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Wednesday, July 18, 2012

Salvador Dali’s Creative Thinking Technique | Michael Michalko, The Creativity Post

How to conjure up dreamlike imagery from your subconscious.

That's the synopsis of this article, but the article is not just about creating images for use in artwork. It includes real-life examples of how two businesses used Dali's creative thinking technique.

Michalko writes:
Dali was intrigued with the images which occur at the boundary between sleeping and waking. They can occur when people are falling asleep, or when they are starting to wake up, and they tend to be extremely vivid, colorful and bizarre. He experimented with various ways of generating and capturing these fantastical images.
Summarized, here is Michalko's description of Dali's technique:
• Think about your challenge. ...
• Totally relax your body. ...
• Quiet your mind. ...
• Quiet your eyes. ...
• Record your experiences immediately after they occur. ...
• Look for the associative link. ...
Based on other reading I've done about creativity, I think that last step is key, however a person reaches that step. In dealing with any challenge creatively, from painting a landscape to solving a problem at work, a person needs to look for links and connections.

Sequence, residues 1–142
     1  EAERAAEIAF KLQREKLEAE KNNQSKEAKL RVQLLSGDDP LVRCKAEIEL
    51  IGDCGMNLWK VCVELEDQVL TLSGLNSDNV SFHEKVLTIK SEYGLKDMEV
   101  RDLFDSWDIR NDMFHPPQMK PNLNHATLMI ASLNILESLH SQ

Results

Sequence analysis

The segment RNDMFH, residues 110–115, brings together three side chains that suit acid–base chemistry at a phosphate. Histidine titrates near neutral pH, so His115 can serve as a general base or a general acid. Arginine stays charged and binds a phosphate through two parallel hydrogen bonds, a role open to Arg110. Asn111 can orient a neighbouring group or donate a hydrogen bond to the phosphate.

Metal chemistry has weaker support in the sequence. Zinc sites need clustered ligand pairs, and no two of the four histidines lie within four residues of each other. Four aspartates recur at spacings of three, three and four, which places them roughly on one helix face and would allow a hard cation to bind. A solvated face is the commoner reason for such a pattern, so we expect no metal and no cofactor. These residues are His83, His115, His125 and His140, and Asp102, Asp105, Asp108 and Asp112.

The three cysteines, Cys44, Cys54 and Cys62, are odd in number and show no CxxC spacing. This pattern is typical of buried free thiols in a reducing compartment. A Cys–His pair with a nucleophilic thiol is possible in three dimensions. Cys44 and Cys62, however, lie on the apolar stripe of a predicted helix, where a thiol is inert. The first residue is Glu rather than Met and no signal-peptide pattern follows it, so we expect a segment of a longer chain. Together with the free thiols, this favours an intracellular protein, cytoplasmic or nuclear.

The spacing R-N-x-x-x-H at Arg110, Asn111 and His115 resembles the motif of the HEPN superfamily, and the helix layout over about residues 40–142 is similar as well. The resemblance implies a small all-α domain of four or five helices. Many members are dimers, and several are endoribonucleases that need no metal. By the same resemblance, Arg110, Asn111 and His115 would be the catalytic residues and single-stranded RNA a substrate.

Michalko's suggests these related questions and others, apparently from Dali:
  • What puzzles me?
  • What's out of place?
  • What disturbs me?
  • What are the similarities?
  • What analogies can I make?
Michalko writes:
The images you summon up with this technique have an individual structure that may indicate an underlying idea or theme. Your unconscious mind is trying to communicate something specific to you, though it may not be immediately comprehensible. The images can be used as armatures on which to hang new relationships and associations.
This article is featured in today's (July 18) Creativity Connections, my daily online paper available at the Creativity tab above and by free email subscription.

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